If what we’ve shown you so far is not your bag, how about taking a look at Daniella Lehavi for a … bag (or another accessory). These leather goods are all designed and hand-manufactured in Israel. For those who prefer not to use leather products, there is also a line of exquisitely designed Vegan accessories.
There are many more Israeli products available in stores and online, but hopefully the little tour above should motivate you to think about how to go about buying Israeli. Time for another hit of Sodastream!
Eating Like An Israeli – Say Cheese!
Why is it that Israelis (and all Jews) eat dairy on Shavuot? Is it, as the Chofetz Chaim Rav Israel Meir Kagan wrote, that the kashrut laws did not exist before receiving the Torah, but once the Torah arrived, the laws of ritual slaughter were immediately in force, making it impossible to prepare a meat meal to celebrate G-d’s gift? Or is it because, just like mothers nourish their newborns with milk, the Torah is the spiritual nourishment of the Jews? Maybe it’s all in the math, since the numerical value for chalav (the Hebrew word for milk) equals 40, and 40 is such a revelatory number in the Torah (40 years wandering in the desert (not dessert), 40 days on Mount Sinai,…)? All of the above and more? Whatever the explanation, there is no disputing the facts: we go milchich on Shavuot, and we’re milching this holiday for all it’s worth with the following Blintzes Soufflé recipe!
Cheese blintzes are a common treat on Shavuot, but they take a while to make. You can buy them frozen, and they are pretty good… but this recipe is super easy and so much more delicious! It’s also got a lot of protein in each serving (13g) so makes a nice meal.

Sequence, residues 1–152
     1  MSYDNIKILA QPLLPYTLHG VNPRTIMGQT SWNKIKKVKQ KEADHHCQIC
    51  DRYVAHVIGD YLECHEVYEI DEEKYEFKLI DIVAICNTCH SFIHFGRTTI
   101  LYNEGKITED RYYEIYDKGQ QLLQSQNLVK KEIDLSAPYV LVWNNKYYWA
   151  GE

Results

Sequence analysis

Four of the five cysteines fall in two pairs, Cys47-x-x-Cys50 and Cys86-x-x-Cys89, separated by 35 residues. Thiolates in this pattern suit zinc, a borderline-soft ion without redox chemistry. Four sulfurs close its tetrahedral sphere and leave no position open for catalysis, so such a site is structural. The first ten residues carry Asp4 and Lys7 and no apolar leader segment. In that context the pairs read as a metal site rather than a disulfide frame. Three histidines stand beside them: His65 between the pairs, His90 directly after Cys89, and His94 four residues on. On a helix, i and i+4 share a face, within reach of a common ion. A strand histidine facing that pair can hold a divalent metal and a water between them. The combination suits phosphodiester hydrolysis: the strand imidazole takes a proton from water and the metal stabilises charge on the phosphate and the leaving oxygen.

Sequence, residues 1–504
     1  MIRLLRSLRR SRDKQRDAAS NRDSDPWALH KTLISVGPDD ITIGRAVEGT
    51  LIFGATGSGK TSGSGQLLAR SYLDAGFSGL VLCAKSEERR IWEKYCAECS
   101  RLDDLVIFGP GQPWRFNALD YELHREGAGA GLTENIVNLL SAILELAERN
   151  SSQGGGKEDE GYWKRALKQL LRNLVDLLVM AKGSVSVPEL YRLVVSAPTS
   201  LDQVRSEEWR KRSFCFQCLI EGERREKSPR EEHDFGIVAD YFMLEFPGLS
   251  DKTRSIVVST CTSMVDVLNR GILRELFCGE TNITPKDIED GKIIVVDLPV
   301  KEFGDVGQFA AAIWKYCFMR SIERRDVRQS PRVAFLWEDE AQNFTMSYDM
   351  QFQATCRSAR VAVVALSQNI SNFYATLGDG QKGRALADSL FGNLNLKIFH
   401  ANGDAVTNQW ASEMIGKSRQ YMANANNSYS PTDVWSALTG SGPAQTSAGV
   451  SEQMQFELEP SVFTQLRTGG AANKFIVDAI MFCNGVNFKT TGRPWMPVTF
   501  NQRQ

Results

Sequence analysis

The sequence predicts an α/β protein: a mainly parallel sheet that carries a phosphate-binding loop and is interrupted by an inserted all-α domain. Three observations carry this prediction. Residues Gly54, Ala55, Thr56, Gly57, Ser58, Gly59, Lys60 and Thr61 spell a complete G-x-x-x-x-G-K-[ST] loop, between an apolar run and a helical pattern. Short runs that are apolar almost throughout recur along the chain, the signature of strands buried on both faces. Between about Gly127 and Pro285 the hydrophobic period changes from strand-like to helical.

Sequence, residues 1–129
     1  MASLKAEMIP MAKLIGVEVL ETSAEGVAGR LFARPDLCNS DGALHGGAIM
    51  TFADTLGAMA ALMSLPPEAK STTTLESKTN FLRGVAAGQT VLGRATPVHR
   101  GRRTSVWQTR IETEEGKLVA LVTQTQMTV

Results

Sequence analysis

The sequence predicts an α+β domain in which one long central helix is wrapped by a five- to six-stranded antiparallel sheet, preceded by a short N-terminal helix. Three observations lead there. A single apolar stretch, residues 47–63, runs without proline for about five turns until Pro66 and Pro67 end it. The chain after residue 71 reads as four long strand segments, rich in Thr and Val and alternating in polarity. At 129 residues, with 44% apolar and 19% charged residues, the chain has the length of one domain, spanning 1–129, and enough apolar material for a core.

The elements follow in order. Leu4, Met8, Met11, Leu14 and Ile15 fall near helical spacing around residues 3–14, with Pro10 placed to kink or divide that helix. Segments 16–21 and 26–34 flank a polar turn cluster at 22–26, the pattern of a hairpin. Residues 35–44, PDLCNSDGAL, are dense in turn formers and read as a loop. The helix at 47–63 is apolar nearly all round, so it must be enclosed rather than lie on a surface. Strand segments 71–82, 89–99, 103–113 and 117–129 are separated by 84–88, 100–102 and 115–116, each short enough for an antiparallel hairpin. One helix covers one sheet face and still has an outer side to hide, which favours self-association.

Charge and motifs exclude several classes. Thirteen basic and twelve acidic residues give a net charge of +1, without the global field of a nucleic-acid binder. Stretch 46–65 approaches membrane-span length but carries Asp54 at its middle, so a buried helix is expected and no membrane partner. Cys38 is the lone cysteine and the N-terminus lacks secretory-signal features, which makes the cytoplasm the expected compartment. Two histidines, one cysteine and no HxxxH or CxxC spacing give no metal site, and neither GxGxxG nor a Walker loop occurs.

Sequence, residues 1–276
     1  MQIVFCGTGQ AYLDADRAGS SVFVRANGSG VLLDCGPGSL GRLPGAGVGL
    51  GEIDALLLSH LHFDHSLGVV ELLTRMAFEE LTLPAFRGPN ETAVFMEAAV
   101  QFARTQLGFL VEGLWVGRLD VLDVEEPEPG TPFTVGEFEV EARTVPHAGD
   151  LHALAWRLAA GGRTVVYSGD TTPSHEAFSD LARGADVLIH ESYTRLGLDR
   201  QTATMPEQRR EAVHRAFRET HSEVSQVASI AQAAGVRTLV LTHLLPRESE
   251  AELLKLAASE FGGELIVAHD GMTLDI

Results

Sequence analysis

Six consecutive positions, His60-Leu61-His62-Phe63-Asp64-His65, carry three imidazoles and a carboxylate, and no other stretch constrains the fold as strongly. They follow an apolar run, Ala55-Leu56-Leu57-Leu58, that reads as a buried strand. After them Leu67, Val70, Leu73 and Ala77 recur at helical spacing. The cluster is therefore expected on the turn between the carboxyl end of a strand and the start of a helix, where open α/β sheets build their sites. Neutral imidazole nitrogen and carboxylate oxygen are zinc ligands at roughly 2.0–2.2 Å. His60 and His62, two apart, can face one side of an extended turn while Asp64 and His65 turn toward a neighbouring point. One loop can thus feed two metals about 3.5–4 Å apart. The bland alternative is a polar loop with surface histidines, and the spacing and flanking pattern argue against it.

This blintz souffle recipe has just about every dairy product you can imagine – cream cheese, sour cream, butter, cottage cheese. Everything but the cow.
Serve warm and add any kind of fruit topping – blueberries, raspberries, strawberries or even a berry jam (you can make a nice “sauce” by adding a little water to some jam in a saucepan and heating it for a few minutes).
Try this easy dairy meal and you’ll be enjoying Shavuot like an Israeli!
- ¼ lb butter softened
- ⅓ cup sugar
- 6 eggs
- 1½ cup sour cream
- ½ cup orange juice
- 1 cup flour
- 2 teaspoons baking powder
- 8-ounce package cream cheese, softened and cut up
- 1-pint small curd cottage cheese
- 2 egg yolks
- 1 tablespoon sugar
- 1 teaspoon vanilla extract
- Preheat oven to 350* F. Grease a 13″ x 9″ baking dish and set aside.
- In a blender or food processor, combine all the “batter” ingredients (butter, sugar, eggs, sour cream, orange juice, flour, and baking powder) until blended. Pour half the batter into prepared baking dish.
- In a food processor prepare blintz filling. Combine all the “filling” ingredients (cream cheese, cottage cheese, egg yolks, sugar, and vanilla extract). Mix until smooth. Drop filling by heaping spoonfuls over batter in baking dish. With a knife, spread filling evenly; it will mix slightly with batter, that’s ok. Pour remaining batter over filling.
- The unbaked souffle may be covered and refrigerated several hours or overnight until ready to use. If you do refrigerate before baking, bring souffle to room temperature first.
- Bake uncovered 50 to 60 minutes or until puffed and golden.
- Serve immediately with sour cream and fresh berries or assorted jams.